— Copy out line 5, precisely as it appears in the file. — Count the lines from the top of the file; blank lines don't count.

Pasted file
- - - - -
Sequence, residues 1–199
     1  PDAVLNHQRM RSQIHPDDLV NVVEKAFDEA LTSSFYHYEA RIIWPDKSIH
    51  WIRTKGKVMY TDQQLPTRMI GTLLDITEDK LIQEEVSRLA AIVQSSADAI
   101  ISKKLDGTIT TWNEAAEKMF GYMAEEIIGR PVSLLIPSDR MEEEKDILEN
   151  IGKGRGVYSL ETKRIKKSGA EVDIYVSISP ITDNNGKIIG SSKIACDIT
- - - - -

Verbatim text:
   151  IGKGRGVYSL ETKRIKKSGA EVDIYVSISP ITDNNGKIIG SSKIACDIT